" "Rilke says that we live out our lives in the horizontal." He drew his hand slowly along the surface of the table, "but every now and then, even in an ordinary life, we touch the vertical." "


Friday, April 10, 2015

The Astronaut Wives Club

Book 4 of my 2015 Reading Challenge
read from Jan. 12 - Jan. 19

The Astronaut Wives Club by Lily Koppel

Summary (via Goodreads)
As America's Mercury Seven astronauts were launched on death-defying missions, television cameras focused on the brave smiles of their young wives. Overnight, these women were transformed from military spouses into American royalty. They had tea with Jackie Kennedy, appeared on the cover of Life magazine, and quickly grew into fashion icons.
Annie Glenn, with her picture-perfect marriage, was the envy of the other wives; platinum-blonde Rene Carpenter was proclaimed JFK's favorite; and licensed pilot Trudy Cooper arrived on base with a secret. Together with the other wives they formed the Astronaut Wives Club, meeting regularly to provide support and friendship. Many became next-door neighbors and helped to raise each other's children by day, while going to glam parties at night as the country raced to land a man on the Moon.
As their celebrity rose-and as divorce and tragic death began to touch their lives-they continued to rally together, and the wives have now been friends for more than fifty years. THE ASTRONAUT WIVES CLUB tells the real story of the women who stood beside some of the biggest heroes in American history.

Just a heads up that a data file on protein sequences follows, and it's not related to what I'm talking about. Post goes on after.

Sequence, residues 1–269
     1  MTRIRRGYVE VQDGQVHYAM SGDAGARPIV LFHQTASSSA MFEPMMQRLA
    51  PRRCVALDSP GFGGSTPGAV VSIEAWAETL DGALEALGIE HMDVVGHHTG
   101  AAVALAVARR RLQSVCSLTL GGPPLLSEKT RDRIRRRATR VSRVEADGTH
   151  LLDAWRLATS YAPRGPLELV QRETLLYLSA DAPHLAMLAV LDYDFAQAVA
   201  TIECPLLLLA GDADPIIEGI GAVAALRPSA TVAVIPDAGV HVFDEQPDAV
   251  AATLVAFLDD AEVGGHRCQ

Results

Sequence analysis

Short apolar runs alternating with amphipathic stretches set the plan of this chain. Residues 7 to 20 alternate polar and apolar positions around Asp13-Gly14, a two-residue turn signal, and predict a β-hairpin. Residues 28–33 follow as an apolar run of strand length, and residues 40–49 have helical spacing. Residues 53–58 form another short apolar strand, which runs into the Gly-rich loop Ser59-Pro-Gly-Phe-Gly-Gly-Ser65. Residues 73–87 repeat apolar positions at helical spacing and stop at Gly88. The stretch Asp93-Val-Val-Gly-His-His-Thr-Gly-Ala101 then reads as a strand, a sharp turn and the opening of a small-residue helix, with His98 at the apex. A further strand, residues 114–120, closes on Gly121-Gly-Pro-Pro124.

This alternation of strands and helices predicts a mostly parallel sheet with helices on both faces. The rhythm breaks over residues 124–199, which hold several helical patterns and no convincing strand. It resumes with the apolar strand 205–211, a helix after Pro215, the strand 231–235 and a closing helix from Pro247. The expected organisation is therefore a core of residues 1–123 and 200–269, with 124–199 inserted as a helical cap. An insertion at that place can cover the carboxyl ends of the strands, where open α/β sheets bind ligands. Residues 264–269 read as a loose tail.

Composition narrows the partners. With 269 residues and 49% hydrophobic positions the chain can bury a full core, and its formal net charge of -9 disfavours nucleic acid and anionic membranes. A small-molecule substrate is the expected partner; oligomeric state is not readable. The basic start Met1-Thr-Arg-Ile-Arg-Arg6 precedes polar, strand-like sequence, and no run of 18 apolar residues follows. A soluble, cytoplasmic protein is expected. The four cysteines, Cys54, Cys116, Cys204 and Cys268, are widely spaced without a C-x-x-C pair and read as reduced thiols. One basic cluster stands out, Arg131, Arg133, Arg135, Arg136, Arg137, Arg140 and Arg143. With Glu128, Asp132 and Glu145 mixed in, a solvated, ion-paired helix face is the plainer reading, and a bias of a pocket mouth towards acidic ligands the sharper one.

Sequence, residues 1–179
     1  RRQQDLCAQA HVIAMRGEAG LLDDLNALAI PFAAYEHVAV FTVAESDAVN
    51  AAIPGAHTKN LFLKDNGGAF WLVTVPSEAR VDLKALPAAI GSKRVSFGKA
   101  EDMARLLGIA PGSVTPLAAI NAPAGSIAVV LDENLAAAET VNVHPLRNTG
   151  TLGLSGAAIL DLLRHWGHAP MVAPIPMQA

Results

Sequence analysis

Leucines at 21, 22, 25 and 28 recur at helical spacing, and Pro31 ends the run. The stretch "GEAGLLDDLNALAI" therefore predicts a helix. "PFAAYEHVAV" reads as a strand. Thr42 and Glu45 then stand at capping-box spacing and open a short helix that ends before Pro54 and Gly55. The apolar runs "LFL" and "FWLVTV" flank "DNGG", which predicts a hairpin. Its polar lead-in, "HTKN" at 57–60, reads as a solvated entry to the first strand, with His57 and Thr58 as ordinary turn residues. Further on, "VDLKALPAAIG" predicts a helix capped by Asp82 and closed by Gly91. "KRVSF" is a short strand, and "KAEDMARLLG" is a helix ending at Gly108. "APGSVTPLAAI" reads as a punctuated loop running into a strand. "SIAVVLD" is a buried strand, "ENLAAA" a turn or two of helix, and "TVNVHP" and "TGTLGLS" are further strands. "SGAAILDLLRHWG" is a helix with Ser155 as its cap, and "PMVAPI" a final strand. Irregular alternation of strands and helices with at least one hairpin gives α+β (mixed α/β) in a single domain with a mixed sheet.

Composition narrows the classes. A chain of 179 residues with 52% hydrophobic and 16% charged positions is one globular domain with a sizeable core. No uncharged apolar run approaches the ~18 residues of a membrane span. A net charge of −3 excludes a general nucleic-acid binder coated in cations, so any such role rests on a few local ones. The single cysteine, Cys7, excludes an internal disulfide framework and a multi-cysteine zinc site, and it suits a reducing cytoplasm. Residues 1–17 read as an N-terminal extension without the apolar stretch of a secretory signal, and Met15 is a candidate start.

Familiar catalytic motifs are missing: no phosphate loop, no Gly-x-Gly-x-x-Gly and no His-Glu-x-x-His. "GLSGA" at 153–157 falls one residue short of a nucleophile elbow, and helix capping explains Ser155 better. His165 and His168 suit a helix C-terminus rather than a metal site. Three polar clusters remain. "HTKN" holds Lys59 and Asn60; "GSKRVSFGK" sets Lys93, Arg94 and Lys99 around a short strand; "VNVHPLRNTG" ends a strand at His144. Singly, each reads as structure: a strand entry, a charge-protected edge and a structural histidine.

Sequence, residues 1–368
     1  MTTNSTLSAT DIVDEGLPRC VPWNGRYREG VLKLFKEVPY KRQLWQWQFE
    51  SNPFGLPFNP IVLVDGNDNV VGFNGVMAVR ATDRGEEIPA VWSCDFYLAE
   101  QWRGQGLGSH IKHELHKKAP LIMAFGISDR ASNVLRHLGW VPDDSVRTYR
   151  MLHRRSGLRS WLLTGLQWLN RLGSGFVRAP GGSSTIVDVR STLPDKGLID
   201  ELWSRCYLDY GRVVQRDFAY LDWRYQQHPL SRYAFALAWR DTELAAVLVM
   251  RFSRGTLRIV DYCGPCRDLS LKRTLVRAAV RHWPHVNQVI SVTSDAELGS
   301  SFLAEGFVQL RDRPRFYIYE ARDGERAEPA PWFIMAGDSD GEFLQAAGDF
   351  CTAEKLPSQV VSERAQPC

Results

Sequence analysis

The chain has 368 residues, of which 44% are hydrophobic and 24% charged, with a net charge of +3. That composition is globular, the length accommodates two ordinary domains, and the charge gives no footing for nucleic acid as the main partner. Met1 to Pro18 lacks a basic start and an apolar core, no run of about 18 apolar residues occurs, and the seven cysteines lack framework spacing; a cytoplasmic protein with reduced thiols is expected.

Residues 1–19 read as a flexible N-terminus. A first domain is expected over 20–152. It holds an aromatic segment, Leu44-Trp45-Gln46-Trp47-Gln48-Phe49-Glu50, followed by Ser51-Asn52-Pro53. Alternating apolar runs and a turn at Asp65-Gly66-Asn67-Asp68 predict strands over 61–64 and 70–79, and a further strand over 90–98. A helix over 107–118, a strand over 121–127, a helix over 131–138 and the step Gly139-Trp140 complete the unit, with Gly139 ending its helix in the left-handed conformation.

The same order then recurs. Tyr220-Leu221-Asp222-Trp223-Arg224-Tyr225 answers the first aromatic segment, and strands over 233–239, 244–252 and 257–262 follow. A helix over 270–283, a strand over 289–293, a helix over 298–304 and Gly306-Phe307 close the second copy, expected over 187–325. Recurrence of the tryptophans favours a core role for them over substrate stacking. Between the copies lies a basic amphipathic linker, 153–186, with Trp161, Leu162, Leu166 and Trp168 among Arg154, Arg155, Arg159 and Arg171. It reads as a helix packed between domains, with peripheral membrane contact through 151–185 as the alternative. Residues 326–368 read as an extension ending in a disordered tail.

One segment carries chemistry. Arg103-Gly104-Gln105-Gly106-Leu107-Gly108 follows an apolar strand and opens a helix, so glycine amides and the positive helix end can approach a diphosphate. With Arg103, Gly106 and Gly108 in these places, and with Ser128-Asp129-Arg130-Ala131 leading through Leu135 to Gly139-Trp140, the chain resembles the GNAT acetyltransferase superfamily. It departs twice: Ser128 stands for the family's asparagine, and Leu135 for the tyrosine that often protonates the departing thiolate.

My Opinion
The book starts off with an explanation of how The Astronaut Wives Club came to be.  The pressure wasn't just on the men who were among the first to go into space but also on their wives to be presentable/articulate for reporters, to have orderly lives/homes/children so their husbands would be able to focus on their jobs, and to basically have their world turned upside down with sudden publicity and scrutiny.  The wives learned very quickly that nobody would be able to understand this better than the other wives so they formed a club; besides meeting regularly they also supported and helped each other. 

Although it talks about space and NASA the main focus is the women.  It was an interesting look back at a different time.  Some of the criteria NASA used to determine which applicants to choose was the stability of their family (one woman stayed married to her husband because she knew how important this was to him and he wouldn't have been chosen if they had divorced) and how many times per week their wife cooked a meal at home; it seems silly now but it was very serious then.  The book ended with the stat that after all the pressure, only 7 of the 30 couples mentioned in the book stayed together and the Astronaut Wives Club has been renamed the Original Wives Club.